Charles M. Schwab was one of the most successful businessmen in American history who helped make Bethlehem Steel the second biggest steel company in the United States shortly after the turn of the century.
He was also a great motivator.
Dale Carnegie gives one famous example of such is his seminal book How to Win Friends and Influence People that shows just how easy it is to motivate people — simply lay down a challenge:
“Charles Schwab had a mills manager whose people weren’t producing their quota of work…
This conversation took place at the end of the day just before the night shift came on. Schwab asked the manager for a piece of chalk, then, turning to the nearest man, asked:
‘How many heats did your shift make today?’
“Without another word, Schwab chalked a big figure six on the floor, and walked away. When the night shift came in, they saw the six? and asked what it meant. ‘The big boss was in here today’ the day people said. ??He asked us how many heats we made, and we told him six. He chalked it down on the floor.
The next morning Schwab walked through the mill again. The night shift had rubbed out ??six? and replaced it with a big seven.
When the day shift reported for work the next morning, they saw a big seven? chalked on the floor. So the night shift thought they were better than the day shift did they? Well, they would show the night shift a thing or two. The crew pitched in with enthusiasm, and when they quit that night, they left behind them an enormous, swaggering 10. Things were stepping up.
Shortly this mill, which had been lagging way behind in production, was turning out more work than any other mill in the plant.” (Carnegie 175)
The simple truth that this example shows is that people need to be challenged. Without a challenge (and perhaps a little bit of friendly competition), people will regress to mediocrity — or perhaps worse. Human beings just aren’t good at standing still. Indeed, nobody is standing still. You are either getting better or you are getting worse. And if you’re not actively trying to get better, then you are probably beginning to atrophy.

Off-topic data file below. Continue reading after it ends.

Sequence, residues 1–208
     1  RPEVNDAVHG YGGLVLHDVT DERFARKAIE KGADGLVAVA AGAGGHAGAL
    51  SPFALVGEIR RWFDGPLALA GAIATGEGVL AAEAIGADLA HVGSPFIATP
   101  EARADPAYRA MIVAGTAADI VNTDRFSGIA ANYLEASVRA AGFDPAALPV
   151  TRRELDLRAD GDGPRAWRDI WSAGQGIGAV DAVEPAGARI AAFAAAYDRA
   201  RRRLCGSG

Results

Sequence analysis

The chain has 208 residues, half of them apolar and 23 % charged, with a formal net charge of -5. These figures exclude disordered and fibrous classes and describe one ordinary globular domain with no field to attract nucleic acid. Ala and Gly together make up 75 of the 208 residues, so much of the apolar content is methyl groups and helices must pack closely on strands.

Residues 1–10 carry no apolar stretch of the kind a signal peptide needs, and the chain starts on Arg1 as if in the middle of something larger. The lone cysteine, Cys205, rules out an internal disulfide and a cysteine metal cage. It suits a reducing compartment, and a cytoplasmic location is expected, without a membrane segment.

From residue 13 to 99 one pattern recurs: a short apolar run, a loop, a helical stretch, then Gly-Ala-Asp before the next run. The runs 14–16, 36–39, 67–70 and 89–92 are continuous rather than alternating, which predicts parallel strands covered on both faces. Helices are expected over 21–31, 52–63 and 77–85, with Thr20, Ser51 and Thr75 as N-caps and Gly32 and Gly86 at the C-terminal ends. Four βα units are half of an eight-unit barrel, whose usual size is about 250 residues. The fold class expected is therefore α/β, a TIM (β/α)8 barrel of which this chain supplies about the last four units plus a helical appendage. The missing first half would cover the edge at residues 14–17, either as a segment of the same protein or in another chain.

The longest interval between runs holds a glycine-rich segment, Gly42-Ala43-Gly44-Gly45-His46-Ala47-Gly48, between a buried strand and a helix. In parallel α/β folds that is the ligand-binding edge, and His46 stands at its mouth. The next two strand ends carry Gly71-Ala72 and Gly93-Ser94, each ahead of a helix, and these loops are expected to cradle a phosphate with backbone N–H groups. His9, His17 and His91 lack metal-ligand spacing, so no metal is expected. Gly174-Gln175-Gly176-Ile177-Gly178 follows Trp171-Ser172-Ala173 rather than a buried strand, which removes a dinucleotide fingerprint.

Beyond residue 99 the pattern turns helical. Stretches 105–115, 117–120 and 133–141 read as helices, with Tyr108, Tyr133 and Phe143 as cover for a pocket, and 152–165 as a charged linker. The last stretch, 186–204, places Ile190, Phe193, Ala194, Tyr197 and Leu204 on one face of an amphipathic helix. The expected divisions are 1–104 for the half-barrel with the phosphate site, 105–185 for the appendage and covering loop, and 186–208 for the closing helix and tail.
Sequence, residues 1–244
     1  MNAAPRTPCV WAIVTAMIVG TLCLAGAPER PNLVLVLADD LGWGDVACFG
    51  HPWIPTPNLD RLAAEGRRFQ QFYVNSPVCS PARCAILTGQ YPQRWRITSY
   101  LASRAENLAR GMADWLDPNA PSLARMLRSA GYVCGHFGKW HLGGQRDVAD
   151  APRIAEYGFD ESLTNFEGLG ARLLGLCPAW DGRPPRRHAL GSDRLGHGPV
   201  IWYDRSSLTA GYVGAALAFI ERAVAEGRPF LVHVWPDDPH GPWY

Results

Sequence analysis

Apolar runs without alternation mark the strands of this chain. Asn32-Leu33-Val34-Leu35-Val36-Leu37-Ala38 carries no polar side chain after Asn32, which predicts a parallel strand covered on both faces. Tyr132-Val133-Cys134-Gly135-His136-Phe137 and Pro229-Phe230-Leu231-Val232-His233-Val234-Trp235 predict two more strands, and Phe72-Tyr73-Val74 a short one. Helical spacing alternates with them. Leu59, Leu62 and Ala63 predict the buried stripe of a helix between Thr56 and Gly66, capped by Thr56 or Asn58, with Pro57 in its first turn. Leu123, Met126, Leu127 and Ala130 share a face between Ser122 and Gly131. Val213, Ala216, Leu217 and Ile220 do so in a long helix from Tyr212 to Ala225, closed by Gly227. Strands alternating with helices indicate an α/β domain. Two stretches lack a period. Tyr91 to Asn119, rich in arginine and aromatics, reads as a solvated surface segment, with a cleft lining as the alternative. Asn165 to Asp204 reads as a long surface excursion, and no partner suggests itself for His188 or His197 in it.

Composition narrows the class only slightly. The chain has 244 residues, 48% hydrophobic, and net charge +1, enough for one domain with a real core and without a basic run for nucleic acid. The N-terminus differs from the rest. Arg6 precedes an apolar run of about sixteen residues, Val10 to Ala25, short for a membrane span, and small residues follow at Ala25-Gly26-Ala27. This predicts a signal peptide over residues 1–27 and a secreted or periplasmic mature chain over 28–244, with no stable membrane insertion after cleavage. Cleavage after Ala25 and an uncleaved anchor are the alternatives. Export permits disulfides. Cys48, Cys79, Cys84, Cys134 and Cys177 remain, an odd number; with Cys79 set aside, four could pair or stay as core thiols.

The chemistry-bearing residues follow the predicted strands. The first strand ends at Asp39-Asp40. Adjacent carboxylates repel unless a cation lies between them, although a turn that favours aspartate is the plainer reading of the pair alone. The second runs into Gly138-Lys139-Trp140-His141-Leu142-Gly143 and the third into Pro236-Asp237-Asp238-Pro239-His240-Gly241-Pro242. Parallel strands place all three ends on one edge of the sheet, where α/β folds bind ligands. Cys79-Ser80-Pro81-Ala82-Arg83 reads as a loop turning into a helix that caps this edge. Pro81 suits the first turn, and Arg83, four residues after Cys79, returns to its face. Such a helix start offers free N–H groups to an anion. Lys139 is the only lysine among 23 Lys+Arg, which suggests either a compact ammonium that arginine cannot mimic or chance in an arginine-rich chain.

And the same goes for businesses.
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Laying Down a Challenge
Liz Wiseman and Greg McKeown make this same point in their book Multipliers as they compare the habits of leaders they call multipliers and leaders they call diminishers.
In their view, the job of a leader is to help their employees (or colleagues, partners, even vendors) reach their full potential. Multipliers help them to flourish. Diminishers get in the way. Diminishers try to make all the decisions themselves or micromanage or create undue stress. In this case, diminishers just “give directives that showcase how much they know” (Wiseman 23) instead of taking advantage of everyone in the organization’s strengths and ideas (not just their own).
On the other hand, multipliers “lay down a challenge.” Often they lay down a challenge to an employee they have given a particular project to and simply act as support. They give real ownership of that project to their subordinate. Other times, multipliers lay down a challenge to the entire organization, as was the case when Matt McCauley took over Gymboree:
“When Matt took over as president he had the benefit of a recently rejuvenated product line but the challenge of some sloppy business operations. He saw an opportunity not only to grow sales, but to vastly increase net income per share, which was then at $0.69 per share. Using his deep knowledge of operations and inventory optimization, he estimated the upside opportunity, and then went to the board and told them he believed the company could achieve $1.00 per share. The board members laughed, but Matt remained convinced of the opportunity.